The process of AMD ramping up its EPYC efforts involves a lot of ‘first-step’ vendor interaction. Having been a very minor player for so long, all the big guns are taking it slowly with AMD’s newest hardware in verifying whether it is suitable for their workloads and customers. The next company to tick that box is Oracle, who is announcing today that they will be putting bare metal EPYC instances available in its cloud offering.

The new E-series instances will start with Standard E2, costing around $0.03 per core per hour, up to 64 cores per server, Oracle is stating that this pricing structure is 66% less than the average per-core instance on the market. One bare metal standard instance, BM.Standard E2.52, will offer dual EPYC 7551 processors at 2.0 GHz, with 512 GB of DDR4, dual 25GbE networking, and up to 1PB of remote block storage. Another offering is the E2.64 instance, which will offer 16 cores by comparison.

As well as the bare metal offerings, VM shapes from one to eight cores are also available, essentially occupying up to one of the zeppelin dies per CPU. Oracle cites AMD’s ties with Hadoop as an ideal workload, such as Cloudera, Hortonworks, MapR, and Transwarp, as well as Oracle’s ties to HPC, such as weather modelling, computational fluid dynamics, simulation/crash analysis, and oil and gas exploration.

Rollout of the new EPYC instances will start with the US East-Ashburn region from today, rolling out to London by the end of the month and other US/Europe locations by the end of the year. No word on Asia.

Snapping up Oracle means that AMD has another cloud provider in its cap, alongside Microsoft and Baidu that were announced last year. AMD has stated that they are playing with most (if not all) of the big cloud players in the business, and it will take time for the various companies to deploy EPYC systems either for public or private customers. There are several eyes on the future of AMD’s portfolio, such as the next generation parts, but also the level of expansion this market is seeing recently with Intel unable to meet demand while still making processors at the same rate. AMD’s goal to regain market share and re-energize its bottom line will depend significantly on vendor relationships, such as this one with Oracle, and execution of its new products.

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  • Manch - Wednesday, October 24, 2018 - link

    BC HStewart isn't technology agnostic. He's an Intel branded sheep and his rants have turned into "The shill that cried wolf" too many times. So we tend to ignore him. Reply
  • HStewart - Monday, October 29, 2018 - link

    Spoken from a typical AMD sheep who thinks that if you not AMD than you are Intel sheep ignoring the fact that SPARC was also mention. No wonder INTEL stock rose on Friday and AMD sank. Today INTC is currently rose 0.040% which is nothing compare to 1.82% sunk after a major drop Friday. Reply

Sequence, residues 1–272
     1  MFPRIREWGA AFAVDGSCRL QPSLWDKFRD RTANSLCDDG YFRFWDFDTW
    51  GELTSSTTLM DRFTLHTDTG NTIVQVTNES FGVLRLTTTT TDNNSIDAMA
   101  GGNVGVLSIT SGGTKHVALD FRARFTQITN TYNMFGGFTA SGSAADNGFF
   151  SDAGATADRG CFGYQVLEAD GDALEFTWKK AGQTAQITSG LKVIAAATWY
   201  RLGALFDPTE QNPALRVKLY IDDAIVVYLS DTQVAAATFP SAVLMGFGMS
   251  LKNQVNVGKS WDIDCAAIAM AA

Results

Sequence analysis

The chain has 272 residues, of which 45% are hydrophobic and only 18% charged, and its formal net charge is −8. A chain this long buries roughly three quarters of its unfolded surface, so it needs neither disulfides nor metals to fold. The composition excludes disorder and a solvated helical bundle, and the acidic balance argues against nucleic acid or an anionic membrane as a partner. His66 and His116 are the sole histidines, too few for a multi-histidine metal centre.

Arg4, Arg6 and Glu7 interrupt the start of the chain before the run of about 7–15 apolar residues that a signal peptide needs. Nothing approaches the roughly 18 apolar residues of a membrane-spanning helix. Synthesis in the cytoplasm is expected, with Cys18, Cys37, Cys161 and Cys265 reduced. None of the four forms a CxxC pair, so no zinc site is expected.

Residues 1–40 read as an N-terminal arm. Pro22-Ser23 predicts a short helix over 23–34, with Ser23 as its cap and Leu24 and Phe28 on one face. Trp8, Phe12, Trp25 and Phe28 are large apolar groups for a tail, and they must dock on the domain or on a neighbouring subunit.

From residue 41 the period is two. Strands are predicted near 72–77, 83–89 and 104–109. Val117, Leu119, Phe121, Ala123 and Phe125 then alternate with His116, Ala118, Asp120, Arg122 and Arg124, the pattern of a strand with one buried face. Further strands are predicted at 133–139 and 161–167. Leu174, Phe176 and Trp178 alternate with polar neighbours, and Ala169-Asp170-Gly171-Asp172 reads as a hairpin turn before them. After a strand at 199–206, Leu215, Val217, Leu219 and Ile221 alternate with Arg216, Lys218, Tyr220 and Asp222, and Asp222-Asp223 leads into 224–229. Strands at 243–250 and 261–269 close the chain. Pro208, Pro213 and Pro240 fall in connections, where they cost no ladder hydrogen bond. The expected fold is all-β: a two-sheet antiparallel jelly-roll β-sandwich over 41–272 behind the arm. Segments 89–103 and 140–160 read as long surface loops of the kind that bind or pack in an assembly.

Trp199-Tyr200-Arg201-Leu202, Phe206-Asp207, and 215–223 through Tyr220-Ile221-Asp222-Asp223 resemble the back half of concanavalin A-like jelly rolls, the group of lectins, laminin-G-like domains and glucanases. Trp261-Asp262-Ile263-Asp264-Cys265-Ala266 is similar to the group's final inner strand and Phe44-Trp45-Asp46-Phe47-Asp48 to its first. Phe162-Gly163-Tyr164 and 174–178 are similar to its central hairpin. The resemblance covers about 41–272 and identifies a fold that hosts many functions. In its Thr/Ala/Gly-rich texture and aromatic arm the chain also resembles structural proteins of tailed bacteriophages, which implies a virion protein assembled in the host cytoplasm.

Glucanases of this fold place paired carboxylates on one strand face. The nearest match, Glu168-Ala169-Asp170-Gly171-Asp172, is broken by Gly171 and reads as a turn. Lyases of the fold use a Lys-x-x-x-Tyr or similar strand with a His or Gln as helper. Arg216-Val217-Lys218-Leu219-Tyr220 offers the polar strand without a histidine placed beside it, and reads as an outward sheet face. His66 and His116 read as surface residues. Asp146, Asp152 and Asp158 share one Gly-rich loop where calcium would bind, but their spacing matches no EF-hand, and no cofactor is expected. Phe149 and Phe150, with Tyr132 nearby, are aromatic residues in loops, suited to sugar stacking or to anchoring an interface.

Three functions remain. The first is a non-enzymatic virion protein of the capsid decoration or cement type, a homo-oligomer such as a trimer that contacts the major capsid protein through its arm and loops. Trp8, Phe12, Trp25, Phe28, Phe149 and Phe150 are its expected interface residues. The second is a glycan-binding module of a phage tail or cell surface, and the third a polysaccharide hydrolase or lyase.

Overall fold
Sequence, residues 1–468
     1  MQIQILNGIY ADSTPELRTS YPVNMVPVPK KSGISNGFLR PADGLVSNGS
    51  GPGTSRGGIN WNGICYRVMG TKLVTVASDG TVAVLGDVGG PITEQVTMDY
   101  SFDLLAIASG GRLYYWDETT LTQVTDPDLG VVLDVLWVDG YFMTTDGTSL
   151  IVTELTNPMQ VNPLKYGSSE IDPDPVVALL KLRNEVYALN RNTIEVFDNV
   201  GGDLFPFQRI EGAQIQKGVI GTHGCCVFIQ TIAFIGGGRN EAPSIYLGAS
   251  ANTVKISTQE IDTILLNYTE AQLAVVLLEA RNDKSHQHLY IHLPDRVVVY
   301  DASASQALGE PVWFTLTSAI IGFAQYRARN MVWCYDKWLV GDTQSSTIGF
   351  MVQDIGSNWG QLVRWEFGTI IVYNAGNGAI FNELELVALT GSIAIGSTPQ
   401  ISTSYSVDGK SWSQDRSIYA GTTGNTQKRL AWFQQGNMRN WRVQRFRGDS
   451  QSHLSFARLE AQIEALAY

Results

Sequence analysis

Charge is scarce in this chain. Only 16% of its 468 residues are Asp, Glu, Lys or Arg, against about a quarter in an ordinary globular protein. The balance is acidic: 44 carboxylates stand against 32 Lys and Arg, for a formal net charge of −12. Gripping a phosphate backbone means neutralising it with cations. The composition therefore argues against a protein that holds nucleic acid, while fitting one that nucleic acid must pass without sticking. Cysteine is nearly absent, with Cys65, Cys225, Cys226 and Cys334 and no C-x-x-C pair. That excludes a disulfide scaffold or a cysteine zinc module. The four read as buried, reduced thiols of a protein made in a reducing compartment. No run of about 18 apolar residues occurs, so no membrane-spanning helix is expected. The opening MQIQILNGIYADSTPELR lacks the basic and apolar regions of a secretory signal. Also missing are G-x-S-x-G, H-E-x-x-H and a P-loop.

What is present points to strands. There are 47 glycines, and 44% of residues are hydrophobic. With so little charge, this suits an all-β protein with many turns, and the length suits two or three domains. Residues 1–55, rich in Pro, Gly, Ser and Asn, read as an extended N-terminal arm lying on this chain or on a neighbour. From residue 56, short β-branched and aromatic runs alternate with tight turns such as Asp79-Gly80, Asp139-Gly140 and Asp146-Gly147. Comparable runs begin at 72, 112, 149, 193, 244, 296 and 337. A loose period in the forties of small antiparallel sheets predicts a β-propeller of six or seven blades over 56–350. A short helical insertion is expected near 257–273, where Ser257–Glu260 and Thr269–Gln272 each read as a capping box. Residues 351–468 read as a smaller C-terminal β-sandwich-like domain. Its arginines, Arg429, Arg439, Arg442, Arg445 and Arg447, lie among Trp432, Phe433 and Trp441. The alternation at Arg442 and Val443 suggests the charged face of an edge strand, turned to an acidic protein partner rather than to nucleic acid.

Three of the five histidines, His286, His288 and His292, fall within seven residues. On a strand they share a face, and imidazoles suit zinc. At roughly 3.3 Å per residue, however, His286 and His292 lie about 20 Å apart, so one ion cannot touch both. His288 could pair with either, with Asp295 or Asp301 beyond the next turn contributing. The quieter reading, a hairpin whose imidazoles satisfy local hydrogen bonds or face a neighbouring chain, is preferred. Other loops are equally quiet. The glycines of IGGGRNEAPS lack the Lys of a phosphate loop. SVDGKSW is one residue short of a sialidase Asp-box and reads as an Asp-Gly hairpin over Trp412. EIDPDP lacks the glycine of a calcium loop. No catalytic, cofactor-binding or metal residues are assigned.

• Prosp3ctus - Tuesday, October 23, 2018 - link

    Lol, he must be hired by Intel or something. That sounded like an Intel PR statement right there. Reply
  • benedict - Wednesday, October 24, 2018 - link

    You must be new here. HStewart is the biggest Intel shill on these forums. Reply
  • cadefy - Wednesday, October 24, 2018 - link

    but why tho, why shill a dead company? Reply
  • HStewart - Monday, October 29, 2018 - link

    That is probably most Intel people don't care about this stuff - I am just an older Tech junkie.

    I am not all Intel - I have Samsung Note 8, Galaxy Tab S3 and Galaxy Watch, bus some users only see Intel if one is not AMD.
    Reply
  • HStewart - Monday, October 29, 2018 - link

    With personal attacks on forums if you are not AMD, no wonder why most Intel people don't care about forums. It just a good feeling to be different and real in this area. Reply
  • HStewart - Monday, October 29, 2018 - link

    No I am not employee of Intel, I did Interview with them in early 90's but at he time - they not need ASM developers - you would think not getting the job to work on team that developers the CPU would make me jump ship - but Intel has been good for me over the decades. Honestly my first PC that I actually purchase at AMD 386 25mhz even though Advertise with Intel CPU - I guess that started my mistrust of AMD. Reply
  • lefty2 - Tuesday, October 23, 2018 - link

    What's up with Microsoft's Lv2 Series anyway? That was announced nearly year ago and since then we have heard nothing. It seemingly never got out of trial status. Reply
  • zangheiv - Tuesday, October 23, 2018 - link

    Epyc is replacing Xeon by all means but not in the way people think. It's simply providing better performance with better security in a more cost-effective package for those that are interested. The adoption rate will determine how Oracle portions out their services and back-end hardware. Long story short, it will be replacing lots of Xeons if Intel continues to trail the upcoming Epyc Rome. Reply

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